Re: CHAT: Contractions in colloquial German (was: Re: articles)
|From:||Andreas Johansson <andjo@...>|
|Date:||Tuesday, February 1, 2005, 20:38|
Quoting Carsten Becker <naranoieati@...>:
> On Monday 31 January 2005 21:17, Andreas Johansson wrote:
> > Quoting Carsten Becker <naranoieati@BECKERSCARSTEN.DE
> > > (1) _'n_ appended to a verb can also mean "ihn" (him)
> > > in my ideolect (_'ne_ in the regional dialect) or also
> > > "denn" ... but this is another story.
> > Cool! I can't recall hearing this in German, but my
> > Swedish lect does, on the surface, the same thing; it
> > suffixes _-'_ to a verb for "him".[snip]
> They don't say things like "Wo is'n der Teller? -- Ich hab'n
> aufgegessen." or "Wo gehst'n hin?" in Aachen? How
> widespread are the phenomena listed below then?
I can't recall hearing that shortening of _ihn_.
As for _denn_, sorta. It's regularly reduced to [dn=], and then the [d] drops
after a [t], so _ist denn_ becomes [Istn=]. But _gehst du denn_ would normally
stop at the [gestUdn=] stage, I think.
> FWIW, in my dialect the 3sg pronouns are shortened to the
> ihn (him) => 'n(e) [n=]/[n@]
> sie (she, her) => 'se [z@]
> ihm (to him) => 'm [m=]
> ihr (to her) => 'er 
> es (it) => 's [s]
Now, my German friends in Aachen may have been enunciating extra clearly when
speaking with a foreigner, but I'd say they did not normally reduce them alot.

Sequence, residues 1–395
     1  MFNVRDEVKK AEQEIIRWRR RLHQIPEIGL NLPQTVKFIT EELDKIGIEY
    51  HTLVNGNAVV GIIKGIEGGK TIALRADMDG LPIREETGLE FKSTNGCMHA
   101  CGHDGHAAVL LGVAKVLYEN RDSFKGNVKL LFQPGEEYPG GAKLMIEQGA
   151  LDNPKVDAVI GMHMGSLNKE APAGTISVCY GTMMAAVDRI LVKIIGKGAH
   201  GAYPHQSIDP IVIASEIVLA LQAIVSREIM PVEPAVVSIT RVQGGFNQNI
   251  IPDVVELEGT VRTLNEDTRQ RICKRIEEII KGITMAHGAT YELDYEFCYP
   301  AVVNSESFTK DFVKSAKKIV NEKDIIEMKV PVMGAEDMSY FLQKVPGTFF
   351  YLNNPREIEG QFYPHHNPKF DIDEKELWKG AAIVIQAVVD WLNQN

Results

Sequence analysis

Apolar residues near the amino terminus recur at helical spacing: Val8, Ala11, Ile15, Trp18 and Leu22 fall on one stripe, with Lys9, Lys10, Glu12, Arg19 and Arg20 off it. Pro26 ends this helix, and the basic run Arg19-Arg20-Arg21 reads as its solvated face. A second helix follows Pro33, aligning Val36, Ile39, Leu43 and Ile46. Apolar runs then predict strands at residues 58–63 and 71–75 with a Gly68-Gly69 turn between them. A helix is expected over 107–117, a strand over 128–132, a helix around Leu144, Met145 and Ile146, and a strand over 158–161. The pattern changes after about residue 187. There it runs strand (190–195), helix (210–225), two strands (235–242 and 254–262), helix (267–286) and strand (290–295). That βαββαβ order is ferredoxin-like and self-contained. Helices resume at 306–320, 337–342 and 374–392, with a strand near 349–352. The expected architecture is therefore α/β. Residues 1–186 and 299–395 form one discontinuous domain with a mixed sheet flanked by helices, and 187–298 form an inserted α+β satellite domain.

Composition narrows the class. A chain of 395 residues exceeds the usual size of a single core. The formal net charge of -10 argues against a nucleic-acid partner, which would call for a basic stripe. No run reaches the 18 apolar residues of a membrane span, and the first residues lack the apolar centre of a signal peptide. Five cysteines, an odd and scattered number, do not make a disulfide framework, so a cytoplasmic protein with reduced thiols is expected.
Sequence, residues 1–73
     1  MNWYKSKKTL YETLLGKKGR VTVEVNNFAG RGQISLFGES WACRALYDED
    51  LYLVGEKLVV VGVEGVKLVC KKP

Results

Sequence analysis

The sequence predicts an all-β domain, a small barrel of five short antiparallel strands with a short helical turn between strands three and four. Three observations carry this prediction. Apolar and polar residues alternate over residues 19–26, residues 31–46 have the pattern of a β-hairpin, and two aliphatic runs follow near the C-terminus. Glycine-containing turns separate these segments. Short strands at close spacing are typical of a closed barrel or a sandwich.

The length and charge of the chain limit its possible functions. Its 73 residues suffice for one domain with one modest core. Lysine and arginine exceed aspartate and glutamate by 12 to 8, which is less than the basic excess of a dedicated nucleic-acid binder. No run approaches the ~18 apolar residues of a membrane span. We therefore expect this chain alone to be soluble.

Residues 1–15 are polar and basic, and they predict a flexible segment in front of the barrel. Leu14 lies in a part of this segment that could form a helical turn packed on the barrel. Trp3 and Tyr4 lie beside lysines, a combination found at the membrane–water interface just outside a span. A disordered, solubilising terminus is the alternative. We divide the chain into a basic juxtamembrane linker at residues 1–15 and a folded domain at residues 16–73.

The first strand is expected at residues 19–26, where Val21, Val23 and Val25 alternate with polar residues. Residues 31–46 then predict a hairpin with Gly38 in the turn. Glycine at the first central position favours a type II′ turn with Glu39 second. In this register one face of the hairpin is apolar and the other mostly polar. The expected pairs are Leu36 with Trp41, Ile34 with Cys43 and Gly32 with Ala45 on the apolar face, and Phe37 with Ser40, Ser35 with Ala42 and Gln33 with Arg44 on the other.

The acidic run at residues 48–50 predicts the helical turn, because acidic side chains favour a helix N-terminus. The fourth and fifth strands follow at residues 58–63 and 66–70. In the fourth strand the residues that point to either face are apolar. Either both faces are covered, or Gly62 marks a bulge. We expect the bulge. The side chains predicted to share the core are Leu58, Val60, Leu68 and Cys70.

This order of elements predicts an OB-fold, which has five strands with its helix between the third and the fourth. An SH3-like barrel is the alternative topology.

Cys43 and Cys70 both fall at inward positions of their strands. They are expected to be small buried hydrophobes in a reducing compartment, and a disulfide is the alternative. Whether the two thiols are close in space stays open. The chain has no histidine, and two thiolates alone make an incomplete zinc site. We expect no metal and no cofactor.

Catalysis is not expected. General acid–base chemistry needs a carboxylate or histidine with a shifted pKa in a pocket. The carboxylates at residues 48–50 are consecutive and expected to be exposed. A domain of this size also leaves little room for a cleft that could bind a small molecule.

Something like [in], [zi], [im], [i6], [s], in normal speech, with the vowels
tending to schwa in rapid speech.
> Since I called this thread "Contractions in colloquial
> German", here's a list of other contractions I could
> observe myself and my environment to use. I think most of
> these contractions are commonly found in many regions:
Comments as to what I'm familiar with:
> Colloq | Pronctn | Std. Language | Translation
> 'n* | [(?)n=] | den, ein, ihn,| the, a, him,
> | | denn | filling word in
> | | | questions
All but _ihn_, with _denn_ only after [d].
> | | |
> 'ne | [n@] | eine | a
> 'nen | [n@n] | einen | to a
> 'ner | [n6] | einer | to a
Yup. Also _'nem_.
> 'm | [(?)m=] | den, ihn | the, him
You mean for _dem_ and _ihm_, don't you?
Only _dem_>_-m_ with prepositions.
> 'mer | [m6] | wir | we
Not on it's own, but for _-en wir_, like in _habmer_ for _haben wir_.
Also _-me_ [m@].
> 'wer | [v6] | wir | we
> 'se | [z@] | sie | she, You
Yup. Particularly common with verb+Sie; _habense_=_haben Sie_ [habn=z@].
> -ste ...? | [st@] | -st du ...? | d'ya ...?
Yup. Also _-stu_ [stU].
> 'er |  | er, der | he, the
Only for _er_.
> 's | [s] | es | it
Yup. It's literally everywhere!
> rauf* | [RAU)f] | hin-/herauf | up
> runter* | ["RUnt6] | hin-/herunter | down
> rein* | [RAI)n] | hin-/herein | in
> raus | [RAU)s] | her-/hinaus | out
> rüber* | ["Ryb6] | hin-/herüber | across
> jetz' | [jEts)] | jetzt | now
> nix | [nIks)] | nichts | nothin'
> nich | [nIC] | nicht | n't
The lot of them.
You don't have _'s_ for _das_? In Aachen they have it whenever possible (which
is not to say they refrain from it when it's impossible!), and I've heard it or
heard it reported from other bits of Germany and Switzerland too.
(By "impossible" I mean when it creates initial consonantal clusters no sane
human would want to associate with, as in _'s Schwimmen_ [sSvImn=].)